LEWISTON, Idaho – The fifth season under coach Austin Johnson brings a new look to the Lewis-Clark State Men’s Basketball team. The 2022-23 squad features eight new faces on the roster with seven returners that will bring a strong mix of talent to the court this year.
The Warriors were picked to finish third in the Cascade Conference in the preseason poll, released on Wednesday. LC State received one first-place vote and114 points, with College of Idaho leading the way with 11 first-place votes and 143 points. Oregon Tech was predicted to finish second with 127 points.
The group of newcomers includes four freshmen and four transfers, including local high school standouts John Lustig (Colfax HS) and Grayson Hunt (Pullman HS). Of the transfers, Keegan Crosby brings the most collegiate experience as a senior from NCAA Division II Alaska Anchorage.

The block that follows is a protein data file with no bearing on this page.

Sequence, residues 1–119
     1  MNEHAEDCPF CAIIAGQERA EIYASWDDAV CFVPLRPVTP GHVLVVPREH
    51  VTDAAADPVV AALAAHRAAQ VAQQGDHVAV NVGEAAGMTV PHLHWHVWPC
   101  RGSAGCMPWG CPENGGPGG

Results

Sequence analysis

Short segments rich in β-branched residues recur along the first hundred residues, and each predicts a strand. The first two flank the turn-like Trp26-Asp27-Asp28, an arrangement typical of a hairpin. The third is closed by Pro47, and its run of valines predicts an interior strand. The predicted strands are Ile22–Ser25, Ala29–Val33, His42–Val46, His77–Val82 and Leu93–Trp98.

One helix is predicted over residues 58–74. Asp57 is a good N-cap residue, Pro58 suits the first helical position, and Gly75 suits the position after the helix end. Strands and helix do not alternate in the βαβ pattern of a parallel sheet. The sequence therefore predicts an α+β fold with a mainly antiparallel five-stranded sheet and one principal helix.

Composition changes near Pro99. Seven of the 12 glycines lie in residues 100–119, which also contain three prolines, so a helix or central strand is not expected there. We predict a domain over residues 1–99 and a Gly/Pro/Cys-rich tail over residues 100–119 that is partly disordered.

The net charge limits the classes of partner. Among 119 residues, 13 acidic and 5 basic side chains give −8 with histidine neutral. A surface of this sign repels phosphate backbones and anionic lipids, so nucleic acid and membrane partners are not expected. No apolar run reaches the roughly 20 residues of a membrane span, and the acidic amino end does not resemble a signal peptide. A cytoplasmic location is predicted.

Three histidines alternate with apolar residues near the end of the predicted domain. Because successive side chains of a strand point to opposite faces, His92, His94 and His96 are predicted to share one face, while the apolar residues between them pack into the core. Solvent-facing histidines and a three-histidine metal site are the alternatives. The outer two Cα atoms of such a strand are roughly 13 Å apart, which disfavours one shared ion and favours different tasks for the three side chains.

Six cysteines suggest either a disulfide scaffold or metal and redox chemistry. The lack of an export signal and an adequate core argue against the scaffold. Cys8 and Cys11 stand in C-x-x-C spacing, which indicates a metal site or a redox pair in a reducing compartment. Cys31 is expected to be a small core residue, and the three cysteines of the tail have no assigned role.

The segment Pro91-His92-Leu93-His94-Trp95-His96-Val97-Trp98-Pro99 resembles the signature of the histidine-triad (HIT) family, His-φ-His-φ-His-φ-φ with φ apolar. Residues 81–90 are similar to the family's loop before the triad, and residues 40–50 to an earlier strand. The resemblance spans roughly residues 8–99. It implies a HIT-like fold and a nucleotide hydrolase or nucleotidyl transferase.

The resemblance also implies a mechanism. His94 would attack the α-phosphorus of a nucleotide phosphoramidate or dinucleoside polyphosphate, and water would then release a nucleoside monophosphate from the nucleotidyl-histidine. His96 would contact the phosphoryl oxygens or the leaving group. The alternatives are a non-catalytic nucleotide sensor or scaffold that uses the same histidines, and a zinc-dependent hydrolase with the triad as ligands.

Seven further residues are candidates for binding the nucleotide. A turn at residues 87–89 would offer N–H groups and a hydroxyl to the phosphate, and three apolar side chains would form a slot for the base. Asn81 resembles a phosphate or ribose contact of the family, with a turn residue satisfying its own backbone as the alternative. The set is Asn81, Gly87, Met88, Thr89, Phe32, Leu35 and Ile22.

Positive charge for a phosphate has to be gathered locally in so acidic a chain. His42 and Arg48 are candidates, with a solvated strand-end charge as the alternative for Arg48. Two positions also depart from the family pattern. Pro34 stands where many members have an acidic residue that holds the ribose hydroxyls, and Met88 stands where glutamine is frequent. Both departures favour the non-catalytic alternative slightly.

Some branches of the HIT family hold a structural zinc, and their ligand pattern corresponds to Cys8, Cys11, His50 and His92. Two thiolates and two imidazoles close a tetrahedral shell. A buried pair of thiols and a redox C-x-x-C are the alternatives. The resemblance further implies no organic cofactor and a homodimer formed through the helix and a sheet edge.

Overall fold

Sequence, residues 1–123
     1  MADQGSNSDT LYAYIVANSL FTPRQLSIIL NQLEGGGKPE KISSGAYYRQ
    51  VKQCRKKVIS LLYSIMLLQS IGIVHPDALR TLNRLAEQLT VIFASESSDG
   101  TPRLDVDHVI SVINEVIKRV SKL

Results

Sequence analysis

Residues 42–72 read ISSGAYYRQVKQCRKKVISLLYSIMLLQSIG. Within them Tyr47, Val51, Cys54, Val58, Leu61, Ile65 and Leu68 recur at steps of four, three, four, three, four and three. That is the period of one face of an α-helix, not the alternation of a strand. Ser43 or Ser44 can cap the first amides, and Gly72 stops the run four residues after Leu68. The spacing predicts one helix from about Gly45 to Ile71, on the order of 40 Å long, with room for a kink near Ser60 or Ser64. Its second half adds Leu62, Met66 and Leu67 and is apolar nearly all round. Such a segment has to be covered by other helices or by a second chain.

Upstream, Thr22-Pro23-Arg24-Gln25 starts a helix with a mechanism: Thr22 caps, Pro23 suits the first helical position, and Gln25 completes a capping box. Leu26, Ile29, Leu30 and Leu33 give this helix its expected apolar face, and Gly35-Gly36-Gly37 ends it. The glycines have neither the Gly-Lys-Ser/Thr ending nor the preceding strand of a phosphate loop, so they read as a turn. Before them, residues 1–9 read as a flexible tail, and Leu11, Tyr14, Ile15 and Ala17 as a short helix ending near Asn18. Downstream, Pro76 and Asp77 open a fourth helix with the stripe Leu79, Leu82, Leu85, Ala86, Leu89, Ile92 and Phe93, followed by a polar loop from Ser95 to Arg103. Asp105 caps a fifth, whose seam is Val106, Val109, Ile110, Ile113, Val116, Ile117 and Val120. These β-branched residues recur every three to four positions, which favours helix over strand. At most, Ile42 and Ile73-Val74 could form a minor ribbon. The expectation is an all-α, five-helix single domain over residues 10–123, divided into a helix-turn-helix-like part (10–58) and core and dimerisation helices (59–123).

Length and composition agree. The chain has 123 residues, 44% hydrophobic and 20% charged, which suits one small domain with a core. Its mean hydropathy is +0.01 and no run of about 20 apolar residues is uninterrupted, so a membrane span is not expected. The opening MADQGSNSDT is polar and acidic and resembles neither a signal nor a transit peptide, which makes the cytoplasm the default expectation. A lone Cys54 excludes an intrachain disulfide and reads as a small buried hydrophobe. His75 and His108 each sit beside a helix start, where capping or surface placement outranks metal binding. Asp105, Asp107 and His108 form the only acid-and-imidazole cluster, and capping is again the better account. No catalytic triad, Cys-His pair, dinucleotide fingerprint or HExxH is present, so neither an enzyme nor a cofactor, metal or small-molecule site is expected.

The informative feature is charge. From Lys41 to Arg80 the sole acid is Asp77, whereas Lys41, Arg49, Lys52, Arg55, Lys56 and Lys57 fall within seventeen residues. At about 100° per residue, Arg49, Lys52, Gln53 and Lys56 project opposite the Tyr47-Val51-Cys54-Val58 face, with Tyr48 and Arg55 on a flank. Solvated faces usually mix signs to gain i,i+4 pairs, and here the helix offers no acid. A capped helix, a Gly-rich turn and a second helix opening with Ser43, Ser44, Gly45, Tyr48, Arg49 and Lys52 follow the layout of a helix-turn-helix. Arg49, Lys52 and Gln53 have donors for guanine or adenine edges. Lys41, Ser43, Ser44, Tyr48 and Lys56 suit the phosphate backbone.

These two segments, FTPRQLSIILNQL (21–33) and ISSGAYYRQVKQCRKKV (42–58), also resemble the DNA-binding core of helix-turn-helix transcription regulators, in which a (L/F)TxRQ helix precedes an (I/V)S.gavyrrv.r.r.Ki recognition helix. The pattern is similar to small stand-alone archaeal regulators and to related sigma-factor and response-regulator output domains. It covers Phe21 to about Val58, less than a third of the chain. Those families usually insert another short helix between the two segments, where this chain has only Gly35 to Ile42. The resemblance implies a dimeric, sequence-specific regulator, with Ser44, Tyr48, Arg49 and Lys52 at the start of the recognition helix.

“There is a lot of teaching and learning in regards to having so many new guys and getting them on the same page of how we do things as a program,” Johnson said. “I think a great benefit is that we have some big leadership opportunities for the returners to step into. There is also a lot of excitement about having so many new guys and creating our own identity offensively and defensively. Every year is a new adventure with a new group. The challenge of so many new guys is getting them to understand the urgency needed to win at this level and how hard it is to stay consistent with our approach.”
Sophomores Silas Bennion and Oreon Courtney lead the group of returners as the most experienced Warriors on the squad. Both earned more than 20 starts last season, with Bennion leading the team in assists (111) and Courtney leading in rebounding (6.99 per game). Courtney earned First-Team All-Cascade Conference accolades for his contributions.